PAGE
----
On the 1st April 2022, the plastic packing tax is due to be introduced, this is one of a number of tax changes that could have a significant financial impact on food manufacturers in the upcoming months. It is designed to encourage more businesses to move away from single use plastics and instead invest in the use of recycled plastics or alternative packaging, but for food manufacturers that consume large volumes of plastic the tax could have unplanned cost implications.
The plastic packaging tax is not only the only tax change that is facing food manufacturing businesses. There are a number of upcoming changes in the next few months, including a 1.25%increase in Employer’s National Insurance Contributions (NICs) from April 2022 and a 6% increase in corporation tax from April 2023.
Companies should start to review and adapt their operations now, avoiding any reduction in profitability or unwanted cashflow gaps. Effective planning, including the use of three-way forecasting can give companies the ability to assess their exposure to the new taxes and put strategic plans in place to mitigate this.
How does the plastic packaging tax work?
Due to be implemented on 1st April 2022, the plastic packaging tax will apply at a rate of £200 per metric tonne for UK businesses that manufacture or import 10 tonnes of plastic packaging per year. The tax will apply to packaging that contains more plastic by weight than any other single material, and the definition includes compostable as well as biodegradable plastics. It is important to note that packaging that contains at least 30 per cent recycled plastic is exempt.
The sector is currently facing significant inflationary pressures affecting the price of goods, materials and most recently energy costs, along with growing demand for an increase in wages, the new tax represents another additional cost for businesses that fall above HMRC’s threshold.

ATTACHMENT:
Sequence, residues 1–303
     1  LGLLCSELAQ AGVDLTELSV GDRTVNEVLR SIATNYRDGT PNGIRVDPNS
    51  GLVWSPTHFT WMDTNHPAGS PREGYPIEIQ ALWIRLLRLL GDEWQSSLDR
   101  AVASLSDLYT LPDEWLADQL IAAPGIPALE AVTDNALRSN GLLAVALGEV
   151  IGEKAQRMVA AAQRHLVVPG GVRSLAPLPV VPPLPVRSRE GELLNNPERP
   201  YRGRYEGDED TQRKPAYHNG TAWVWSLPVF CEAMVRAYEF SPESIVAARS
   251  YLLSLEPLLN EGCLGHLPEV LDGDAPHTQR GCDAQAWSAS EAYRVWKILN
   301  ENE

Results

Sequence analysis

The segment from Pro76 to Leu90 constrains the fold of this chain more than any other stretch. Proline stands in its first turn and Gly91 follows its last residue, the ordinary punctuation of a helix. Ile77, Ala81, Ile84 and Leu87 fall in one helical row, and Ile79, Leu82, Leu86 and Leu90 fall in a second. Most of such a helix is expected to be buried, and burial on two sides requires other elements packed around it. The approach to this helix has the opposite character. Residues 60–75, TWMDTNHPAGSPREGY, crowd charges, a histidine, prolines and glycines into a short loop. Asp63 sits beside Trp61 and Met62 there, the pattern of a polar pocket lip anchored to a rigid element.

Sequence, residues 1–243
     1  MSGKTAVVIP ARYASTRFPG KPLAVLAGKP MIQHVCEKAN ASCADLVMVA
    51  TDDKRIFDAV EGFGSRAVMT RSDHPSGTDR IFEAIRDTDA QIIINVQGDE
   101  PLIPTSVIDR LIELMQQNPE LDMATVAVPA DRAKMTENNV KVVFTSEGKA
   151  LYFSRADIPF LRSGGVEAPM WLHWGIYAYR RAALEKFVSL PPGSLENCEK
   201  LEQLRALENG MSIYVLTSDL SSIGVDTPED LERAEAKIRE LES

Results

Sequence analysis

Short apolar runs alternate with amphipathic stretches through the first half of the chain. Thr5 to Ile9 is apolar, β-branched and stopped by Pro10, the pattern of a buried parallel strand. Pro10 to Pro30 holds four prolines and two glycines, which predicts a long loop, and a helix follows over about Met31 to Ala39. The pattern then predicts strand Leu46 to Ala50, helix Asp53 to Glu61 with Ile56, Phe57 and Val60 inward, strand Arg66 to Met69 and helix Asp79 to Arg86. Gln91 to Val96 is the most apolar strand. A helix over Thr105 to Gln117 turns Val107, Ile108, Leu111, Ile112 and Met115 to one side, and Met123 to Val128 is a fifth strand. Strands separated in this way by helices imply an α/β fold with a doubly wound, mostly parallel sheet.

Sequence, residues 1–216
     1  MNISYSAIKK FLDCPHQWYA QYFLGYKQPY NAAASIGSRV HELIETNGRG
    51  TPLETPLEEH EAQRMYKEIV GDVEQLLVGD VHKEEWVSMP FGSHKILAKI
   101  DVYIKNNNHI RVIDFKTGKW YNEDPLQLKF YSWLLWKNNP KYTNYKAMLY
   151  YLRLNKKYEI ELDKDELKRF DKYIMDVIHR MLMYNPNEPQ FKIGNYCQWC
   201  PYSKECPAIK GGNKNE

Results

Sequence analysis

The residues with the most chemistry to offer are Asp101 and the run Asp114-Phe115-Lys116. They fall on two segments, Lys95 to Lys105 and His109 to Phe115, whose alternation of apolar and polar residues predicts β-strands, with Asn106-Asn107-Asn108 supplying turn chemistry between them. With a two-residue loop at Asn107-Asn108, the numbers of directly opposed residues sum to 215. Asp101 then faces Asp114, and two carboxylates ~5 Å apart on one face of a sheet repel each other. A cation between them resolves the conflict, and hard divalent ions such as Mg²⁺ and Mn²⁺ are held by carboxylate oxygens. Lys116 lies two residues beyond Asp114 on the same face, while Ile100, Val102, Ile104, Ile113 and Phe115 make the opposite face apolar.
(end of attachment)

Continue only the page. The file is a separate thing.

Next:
How will it affect food manufacturers?
The introduction of the plastic packaging tax will also lead to an increased administrative burden for food manufacturers. Those that consume over 10 tonnes of plastic per year will need to register for the tax, even if they are not eventually liable to pay it. This includes importers of packaging that already contains goods, for example, plastic drinks bottles. Companies will also be required to provide declarations within customer invoices, confirming that the new tax has been paid. In order to do this, they may need to make changes to their accounting systems.
Scenario planning and three-way forecasting
Three-way forecasting, which involves combining data for a business’ profit and loss, balance sheet and cashflow projections, can help manufacturers to predict the financial impact that a number of different scenarios could have on their business model. For example, by inputting cost data based on a scenario that they fall above HMRC’s threshold for the plastic packaging tax, decision-makers can spot any potential cashflow gaps and take steps to mitigate them.
There is also a possibility for some businesses to gain greater breathing space by freezing any short-term price increases for services and products or improve credit terms, through negotiating with suppliers. Alternatively, it may be necessary to pass additional costs onto customers by way of increased prices.
With the majority of food manufacturers set to pay more taxes this year, it’s important that businesses look at the bigger picture for their financial position. By planning ahead now, making use of three-way forecasting and exploring different ways to make their packaging more eco-friendly, they can mitigate any negative cashflow impacts associated with the plastic packaging tax, while becoming a more sustainable organisation.